A. Basically conductors. If a conductor doesn’t want to do a piece, we don’t ever insist. But the primary relationship is the conductor with [artistic administrator] Tony Fogg. And we meet with the players of the artistic advisory committee, who have played a much more vital role without a music director.
Q. What role does the board of trustees play?
A. We’ve had over decades kind of a church-state separation. Certainly, we present the season in advance to the season being published. The board members who sit on the search committee have some involvement [in which conductors come in as part of the search]. There are certain conductors that we would want to see last year, this year, next year.
Q. Your board chair, Ted Kelly, has been at the center of a controversy over his compensation as head of Liberty Mutual. Does that create concerns at the BSO?
A. Ted was selected and elected by the board to serve as chair. He’s been a terrific chair and a very generous chair. What goes on at Liberty Mutual is not my business. My relationship with Ted is fully focused on the Boston Symphony.
The board doesn’t decide what music is played. They are responsible for the finances of the organization. That board is responsible for raising money. We generate about half of our money — we’re an $82-$83 million operation — we earn about half of that in ticket sales. The remaining comes from annual giving as well as the draw from our endowment. Board members are recruited for their wisdom, their expertise in business, but also for their ability to give.
Q. Are financial pressures behind the decision to cut back on open rehearsals next year? We’ve heard from a number of people who are upset about that.
A. We have inventory available on concerts we didn’t have 10 years ago. Part of what we’re trying to do is encourage people to come to concerts. We’ve tried to create a significantly discounted ticket.
Q. But some of these folks — particularly older people — say it’s hard to come to the concerts.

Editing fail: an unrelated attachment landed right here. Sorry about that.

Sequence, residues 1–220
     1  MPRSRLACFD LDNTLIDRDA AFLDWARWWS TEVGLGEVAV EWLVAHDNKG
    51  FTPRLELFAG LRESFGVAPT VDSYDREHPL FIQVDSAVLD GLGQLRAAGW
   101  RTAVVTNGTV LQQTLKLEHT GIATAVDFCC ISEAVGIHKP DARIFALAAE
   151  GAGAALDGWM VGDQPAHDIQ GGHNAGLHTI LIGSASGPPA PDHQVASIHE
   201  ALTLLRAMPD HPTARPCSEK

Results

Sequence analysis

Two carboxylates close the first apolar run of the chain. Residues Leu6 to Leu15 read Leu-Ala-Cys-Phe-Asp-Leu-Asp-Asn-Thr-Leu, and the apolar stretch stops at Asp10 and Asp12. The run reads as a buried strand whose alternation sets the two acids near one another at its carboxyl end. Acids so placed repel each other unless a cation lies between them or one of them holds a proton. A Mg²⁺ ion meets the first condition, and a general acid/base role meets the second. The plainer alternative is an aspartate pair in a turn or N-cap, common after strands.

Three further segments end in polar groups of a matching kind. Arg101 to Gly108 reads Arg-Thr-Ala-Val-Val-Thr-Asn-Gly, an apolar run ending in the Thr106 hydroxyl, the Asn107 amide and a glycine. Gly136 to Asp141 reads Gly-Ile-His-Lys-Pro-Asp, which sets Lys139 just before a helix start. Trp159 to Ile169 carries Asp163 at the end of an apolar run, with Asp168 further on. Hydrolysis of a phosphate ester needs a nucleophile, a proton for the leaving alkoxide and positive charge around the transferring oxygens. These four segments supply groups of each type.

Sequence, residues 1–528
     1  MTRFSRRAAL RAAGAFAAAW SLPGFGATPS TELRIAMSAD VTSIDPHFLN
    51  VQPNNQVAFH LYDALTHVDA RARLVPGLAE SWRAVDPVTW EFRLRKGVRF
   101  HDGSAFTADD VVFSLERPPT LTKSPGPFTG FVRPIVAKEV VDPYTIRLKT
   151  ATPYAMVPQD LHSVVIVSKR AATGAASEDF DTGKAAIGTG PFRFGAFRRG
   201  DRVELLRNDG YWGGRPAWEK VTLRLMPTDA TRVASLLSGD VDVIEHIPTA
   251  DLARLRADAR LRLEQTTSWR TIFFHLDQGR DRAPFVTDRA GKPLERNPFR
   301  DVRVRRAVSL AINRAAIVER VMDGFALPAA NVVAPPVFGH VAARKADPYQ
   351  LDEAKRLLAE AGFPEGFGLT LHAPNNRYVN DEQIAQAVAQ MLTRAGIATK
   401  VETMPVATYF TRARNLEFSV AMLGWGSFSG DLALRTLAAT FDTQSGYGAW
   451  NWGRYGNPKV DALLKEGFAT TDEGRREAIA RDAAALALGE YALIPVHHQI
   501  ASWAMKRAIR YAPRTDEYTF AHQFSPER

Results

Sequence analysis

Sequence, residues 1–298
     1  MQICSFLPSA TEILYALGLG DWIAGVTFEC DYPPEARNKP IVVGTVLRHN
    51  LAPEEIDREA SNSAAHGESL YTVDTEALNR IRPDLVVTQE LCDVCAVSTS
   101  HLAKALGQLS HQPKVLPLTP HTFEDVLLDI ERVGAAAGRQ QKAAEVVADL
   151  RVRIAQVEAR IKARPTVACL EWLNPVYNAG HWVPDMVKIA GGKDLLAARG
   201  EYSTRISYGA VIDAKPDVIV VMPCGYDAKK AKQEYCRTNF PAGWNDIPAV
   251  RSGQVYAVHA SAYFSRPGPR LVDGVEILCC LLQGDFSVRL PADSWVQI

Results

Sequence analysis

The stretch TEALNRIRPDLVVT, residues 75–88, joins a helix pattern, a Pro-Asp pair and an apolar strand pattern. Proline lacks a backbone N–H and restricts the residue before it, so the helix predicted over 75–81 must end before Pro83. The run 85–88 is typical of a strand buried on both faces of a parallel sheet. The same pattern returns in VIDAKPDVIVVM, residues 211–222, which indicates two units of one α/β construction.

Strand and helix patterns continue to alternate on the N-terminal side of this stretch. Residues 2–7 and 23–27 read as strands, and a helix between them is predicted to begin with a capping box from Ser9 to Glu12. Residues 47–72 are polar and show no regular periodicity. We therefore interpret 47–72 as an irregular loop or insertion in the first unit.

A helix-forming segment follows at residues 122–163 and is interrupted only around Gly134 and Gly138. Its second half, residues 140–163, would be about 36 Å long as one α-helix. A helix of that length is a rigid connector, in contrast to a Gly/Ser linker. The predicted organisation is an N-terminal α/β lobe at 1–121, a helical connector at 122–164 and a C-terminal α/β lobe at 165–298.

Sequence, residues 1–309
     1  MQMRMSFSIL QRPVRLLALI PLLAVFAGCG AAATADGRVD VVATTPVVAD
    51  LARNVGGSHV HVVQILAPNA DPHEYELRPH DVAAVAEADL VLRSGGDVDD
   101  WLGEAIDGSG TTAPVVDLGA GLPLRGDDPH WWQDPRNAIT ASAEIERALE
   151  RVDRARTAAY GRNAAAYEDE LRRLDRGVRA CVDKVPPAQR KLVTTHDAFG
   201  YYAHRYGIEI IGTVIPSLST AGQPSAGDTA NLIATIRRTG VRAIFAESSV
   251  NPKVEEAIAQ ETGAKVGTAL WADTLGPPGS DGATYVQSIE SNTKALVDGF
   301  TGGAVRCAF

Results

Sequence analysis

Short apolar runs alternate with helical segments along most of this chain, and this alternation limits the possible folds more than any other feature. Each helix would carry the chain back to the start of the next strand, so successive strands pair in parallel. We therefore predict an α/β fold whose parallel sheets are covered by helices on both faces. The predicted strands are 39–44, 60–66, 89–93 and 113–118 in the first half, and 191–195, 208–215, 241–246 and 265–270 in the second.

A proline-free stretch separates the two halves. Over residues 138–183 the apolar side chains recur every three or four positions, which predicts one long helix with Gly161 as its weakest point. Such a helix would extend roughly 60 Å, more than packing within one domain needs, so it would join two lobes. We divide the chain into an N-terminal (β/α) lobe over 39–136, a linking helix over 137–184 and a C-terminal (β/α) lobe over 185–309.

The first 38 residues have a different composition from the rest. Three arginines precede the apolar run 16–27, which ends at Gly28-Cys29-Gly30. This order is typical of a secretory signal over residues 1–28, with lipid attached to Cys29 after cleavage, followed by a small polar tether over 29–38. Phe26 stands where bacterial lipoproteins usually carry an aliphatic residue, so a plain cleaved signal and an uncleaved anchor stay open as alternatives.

A. My response is, Friday afternoon [concerts are] still during the day. And we still offer four [open rehearsals] on Thursdays. . . . And a discounted price to come Friday afternoon.
The objective is to fill out the remaining seats available. That being said, if we see the economy gets better and we start selling every ticket again, or we see a return to 94 or 95 percent [full] houses, we’ll certainly reconsider the decision.
Q. What percentage are you at now?
A. I think we’re low 80s. We’ve lost position. Not so much on Saturday but on the Tuesday and Thursdays.
A. This is not the best economy. Certainly not the economy when I came here in the late ’90s. In the spirit of candor, the uncertainty of Levine’s health and the amount of weeks affected by the cancellations had an adverse impact, especially in the last two years.
Q. You started here back in 1997. Is this your dream job, or do you think of just trying to get through this music director search and looking for another gig?
A. In the orchestra field, there’s no other place to go. This is the destination. It is the biggest symphonic operation in terms of activities in the world. There are a few jobs that pay better, but we’re all paid well enough.
I mean, I’ll say, forgive the immodesty of this, I do have the longest tenure of anyone running the top 20 orchestras, budget-wise. I don’t know if that’s good or bad. I’m still kind of looking forward to a boring day. Because I haven’t had one yet.